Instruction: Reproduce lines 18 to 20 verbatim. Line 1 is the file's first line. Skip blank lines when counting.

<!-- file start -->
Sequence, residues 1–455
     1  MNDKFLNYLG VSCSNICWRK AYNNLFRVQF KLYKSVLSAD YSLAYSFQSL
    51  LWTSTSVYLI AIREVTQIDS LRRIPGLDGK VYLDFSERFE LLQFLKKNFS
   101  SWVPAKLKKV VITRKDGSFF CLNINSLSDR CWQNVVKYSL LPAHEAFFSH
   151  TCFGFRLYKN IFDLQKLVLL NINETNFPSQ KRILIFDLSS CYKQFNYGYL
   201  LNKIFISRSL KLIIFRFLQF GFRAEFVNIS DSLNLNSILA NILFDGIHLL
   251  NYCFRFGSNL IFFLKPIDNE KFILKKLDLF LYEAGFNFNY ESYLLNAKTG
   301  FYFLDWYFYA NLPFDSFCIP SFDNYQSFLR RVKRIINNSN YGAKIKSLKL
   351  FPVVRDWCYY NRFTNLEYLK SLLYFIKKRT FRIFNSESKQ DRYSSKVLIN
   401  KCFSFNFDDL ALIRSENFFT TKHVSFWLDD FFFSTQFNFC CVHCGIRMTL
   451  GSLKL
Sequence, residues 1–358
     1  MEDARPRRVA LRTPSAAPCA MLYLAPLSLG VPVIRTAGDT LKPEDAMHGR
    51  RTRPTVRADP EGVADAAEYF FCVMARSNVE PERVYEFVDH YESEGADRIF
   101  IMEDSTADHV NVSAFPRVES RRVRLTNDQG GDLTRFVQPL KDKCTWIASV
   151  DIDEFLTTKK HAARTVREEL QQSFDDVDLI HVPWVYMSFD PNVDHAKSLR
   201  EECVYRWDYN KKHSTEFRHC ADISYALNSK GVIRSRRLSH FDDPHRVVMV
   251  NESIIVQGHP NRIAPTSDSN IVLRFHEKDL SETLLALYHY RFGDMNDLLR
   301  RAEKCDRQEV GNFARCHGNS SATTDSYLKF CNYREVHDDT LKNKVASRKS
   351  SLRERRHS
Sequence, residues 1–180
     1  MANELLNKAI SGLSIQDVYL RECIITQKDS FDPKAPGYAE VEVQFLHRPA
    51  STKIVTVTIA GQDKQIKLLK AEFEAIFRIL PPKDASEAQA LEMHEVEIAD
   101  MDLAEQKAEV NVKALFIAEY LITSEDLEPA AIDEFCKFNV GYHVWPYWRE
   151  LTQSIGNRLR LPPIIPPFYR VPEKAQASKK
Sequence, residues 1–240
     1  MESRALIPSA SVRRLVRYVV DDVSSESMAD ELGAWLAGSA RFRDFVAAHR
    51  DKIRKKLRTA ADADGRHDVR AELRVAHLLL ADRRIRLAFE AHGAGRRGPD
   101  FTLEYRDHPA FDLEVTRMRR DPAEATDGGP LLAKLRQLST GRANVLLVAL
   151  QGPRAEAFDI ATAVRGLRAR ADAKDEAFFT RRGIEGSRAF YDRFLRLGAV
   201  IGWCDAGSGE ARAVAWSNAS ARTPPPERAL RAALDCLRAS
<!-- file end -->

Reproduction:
   251  NESIIVQGHP NRIAPTSDSN IVLRFHEKDL SETLLALYHY RFGDMNDLLR
   301  RAEKCDRQEV GNFARCHGNS SATTDSYLKF CNYREVHDDT LKNKVASRKS
   351  SLRERRHS